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The Digitalization of HealthcareElectronic Records and the Disruption of Moral Orders$
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Ian P. McLoughlin, Karin Garrety, and Rob Wilson

Print publication date: 2017

Print ISBN-13: 9780198744139

Published to Oxford Scholarship Online: March 2017

DOI: 10.1093/acprof:oso/9780198744139.001.0001

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PRINTED FROM OXFORD SCHOLARSHIP ONLINE (oxford.universitypressscholarship.com). (c) Copyright Oxford University Press, 2021. All Rights Reserved. An individual user may print out a PDF of a single chapter of a monograph in OSO for personal use. date: 25 October 2021



Moral (Re)Ordering and Rethinking the Electronic Record

(p.140) 8 Conclusion
The Digitalization of Healthcare

Ian P. McLoughlin

Karin Garrety

Rob Wilson

Ping Yu

Andrew Dalley

Oxford University Press

In this concluding chapter, the enduring vision of shareable electronic health records at a national scale is set against the problematic experience of attempting to build and implement such systems in practice. First, the extent to which EHRs exhibit the features of a disruptive innovation and/or dangerous enthusiasm is considered. Second, the relationship between moral (re)ordering and institutional change in healthcare is explored. Finally, ways in which the electronic record might be rethought are discussed. It is concluded that electronic records—and the digitalization of health more generally—are being shaped by the same forces which are reshaping the medical profession. These reflect the diversity of moral orders now involved in healthcare and the conflicting claims and forces that they have generated. They have implications for both the professional power of doctors and give rise to an increasing need for conversations of care to accommodate multiple orders of worth.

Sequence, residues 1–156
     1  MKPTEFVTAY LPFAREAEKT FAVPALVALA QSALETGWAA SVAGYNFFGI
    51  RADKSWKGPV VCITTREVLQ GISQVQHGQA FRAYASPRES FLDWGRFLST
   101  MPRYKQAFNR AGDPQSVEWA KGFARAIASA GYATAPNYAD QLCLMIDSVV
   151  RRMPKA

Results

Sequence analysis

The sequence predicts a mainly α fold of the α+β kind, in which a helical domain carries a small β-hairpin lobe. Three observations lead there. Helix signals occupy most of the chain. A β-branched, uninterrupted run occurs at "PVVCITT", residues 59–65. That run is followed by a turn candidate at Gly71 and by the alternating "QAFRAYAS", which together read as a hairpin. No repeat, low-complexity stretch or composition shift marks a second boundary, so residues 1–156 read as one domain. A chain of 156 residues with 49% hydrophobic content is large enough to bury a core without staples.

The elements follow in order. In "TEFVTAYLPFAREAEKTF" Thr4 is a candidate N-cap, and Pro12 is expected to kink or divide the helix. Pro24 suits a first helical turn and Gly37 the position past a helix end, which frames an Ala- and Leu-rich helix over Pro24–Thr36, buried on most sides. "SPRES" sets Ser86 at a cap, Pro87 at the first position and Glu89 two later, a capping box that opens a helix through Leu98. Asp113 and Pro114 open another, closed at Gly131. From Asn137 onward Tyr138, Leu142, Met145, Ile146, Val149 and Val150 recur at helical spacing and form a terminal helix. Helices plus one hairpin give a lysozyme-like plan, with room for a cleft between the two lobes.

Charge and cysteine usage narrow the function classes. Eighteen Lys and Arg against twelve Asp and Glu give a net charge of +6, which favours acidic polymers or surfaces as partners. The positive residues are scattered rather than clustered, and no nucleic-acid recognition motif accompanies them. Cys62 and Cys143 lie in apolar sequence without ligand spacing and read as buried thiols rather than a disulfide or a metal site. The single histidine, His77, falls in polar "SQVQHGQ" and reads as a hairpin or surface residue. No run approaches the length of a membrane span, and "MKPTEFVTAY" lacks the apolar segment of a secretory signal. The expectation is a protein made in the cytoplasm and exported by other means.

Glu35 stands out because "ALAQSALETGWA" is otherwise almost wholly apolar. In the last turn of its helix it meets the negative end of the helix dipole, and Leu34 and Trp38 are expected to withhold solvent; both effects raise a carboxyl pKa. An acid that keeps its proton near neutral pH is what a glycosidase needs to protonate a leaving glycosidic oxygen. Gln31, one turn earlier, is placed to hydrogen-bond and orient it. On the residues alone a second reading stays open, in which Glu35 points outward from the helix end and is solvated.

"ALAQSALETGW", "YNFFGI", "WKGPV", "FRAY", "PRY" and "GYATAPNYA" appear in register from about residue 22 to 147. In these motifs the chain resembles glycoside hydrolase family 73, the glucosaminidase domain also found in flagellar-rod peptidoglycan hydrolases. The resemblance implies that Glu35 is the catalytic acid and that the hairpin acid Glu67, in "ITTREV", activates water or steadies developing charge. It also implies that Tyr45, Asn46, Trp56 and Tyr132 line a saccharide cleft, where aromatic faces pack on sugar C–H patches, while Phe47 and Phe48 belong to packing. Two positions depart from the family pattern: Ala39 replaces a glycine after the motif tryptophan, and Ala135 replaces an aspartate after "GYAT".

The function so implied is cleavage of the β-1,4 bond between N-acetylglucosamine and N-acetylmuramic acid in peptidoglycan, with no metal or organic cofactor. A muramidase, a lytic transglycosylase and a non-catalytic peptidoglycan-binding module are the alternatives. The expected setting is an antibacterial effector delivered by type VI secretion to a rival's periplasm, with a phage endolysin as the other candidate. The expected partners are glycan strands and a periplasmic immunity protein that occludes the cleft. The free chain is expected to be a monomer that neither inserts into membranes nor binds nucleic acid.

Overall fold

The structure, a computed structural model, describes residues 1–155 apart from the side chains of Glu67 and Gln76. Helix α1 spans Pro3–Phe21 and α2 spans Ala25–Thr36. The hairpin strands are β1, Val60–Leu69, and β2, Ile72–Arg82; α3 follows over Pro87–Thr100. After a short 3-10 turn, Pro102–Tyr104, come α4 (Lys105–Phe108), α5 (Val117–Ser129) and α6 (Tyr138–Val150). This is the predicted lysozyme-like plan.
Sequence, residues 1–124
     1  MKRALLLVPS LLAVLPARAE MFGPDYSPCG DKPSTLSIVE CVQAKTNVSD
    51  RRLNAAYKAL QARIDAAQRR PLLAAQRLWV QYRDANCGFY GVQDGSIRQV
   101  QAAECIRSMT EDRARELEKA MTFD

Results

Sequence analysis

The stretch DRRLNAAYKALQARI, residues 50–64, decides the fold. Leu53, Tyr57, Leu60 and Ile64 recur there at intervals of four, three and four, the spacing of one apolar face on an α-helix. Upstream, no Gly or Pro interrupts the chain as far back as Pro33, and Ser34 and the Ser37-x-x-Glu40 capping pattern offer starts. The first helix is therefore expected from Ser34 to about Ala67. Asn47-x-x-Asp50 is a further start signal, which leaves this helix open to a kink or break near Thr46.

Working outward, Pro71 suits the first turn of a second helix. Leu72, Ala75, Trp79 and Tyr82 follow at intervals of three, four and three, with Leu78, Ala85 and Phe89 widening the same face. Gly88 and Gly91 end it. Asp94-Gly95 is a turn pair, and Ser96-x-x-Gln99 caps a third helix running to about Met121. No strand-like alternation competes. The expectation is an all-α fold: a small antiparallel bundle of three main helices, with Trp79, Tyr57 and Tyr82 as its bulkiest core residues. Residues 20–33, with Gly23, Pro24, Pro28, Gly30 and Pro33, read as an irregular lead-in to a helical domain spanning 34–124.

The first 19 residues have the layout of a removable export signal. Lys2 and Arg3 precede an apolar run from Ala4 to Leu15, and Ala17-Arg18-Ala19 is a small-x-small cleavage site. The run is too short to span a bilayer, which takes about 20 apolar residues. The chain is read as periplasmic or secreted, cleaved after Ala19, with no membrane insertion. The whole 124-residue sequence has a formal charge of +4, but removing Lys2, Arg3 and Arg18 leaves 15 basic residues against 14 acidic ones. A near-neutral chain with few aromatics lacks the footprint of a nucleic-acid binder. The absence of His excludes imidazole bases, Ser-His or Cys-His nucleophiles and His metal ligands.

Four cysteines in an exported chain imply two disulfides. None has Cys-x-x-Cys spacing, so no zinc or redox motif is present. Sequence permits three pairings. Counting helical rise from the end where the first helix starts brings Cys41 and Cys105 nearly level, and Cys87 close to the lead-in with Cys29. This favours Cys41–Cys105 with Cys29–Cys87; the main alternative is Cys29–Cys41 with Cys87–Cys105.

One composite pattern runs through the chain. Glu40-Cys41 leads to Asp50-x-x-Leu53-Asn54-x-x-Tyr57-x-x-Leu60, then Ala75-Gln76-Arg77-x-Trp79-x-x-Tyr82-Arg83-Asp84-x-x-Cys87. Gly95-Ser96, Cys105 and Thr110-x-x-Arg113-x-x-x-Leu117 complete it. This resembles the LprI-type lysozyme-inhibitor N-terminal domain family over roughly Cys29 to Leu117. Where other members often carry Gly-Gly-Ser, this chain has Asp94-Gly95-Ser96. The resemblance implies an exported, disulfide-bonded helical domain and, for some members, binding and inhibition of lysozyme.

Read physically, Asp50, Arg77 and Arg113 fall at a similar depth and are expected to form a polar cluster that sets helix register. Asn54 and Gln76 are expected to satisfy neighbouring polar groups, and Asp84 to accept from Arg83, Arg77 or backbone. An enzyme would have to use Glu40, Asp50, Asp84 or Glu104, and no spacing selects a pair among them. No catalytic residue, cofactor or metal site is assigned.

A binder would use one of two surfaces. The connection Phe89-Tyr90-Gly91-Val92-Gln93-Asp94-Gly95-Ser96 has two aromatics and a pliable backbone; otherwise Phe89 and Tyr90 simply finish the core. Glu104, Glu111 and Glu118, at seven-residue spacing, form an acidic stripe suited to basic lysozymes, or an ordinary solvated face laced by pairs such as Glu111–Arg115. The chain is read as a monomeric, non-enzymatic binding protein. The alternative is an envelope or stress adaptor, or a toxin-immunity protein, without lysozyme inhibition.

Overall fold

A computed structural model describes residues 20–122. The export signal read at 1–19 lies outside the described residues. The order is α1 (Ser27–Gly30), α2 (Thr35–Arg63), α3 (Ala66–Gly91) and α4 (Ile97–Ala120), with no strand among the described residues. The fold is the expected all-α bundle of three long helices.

Keywords:   disruptive innovation, moral orders, electronic health records, orders of worth, digitalization of healthcare

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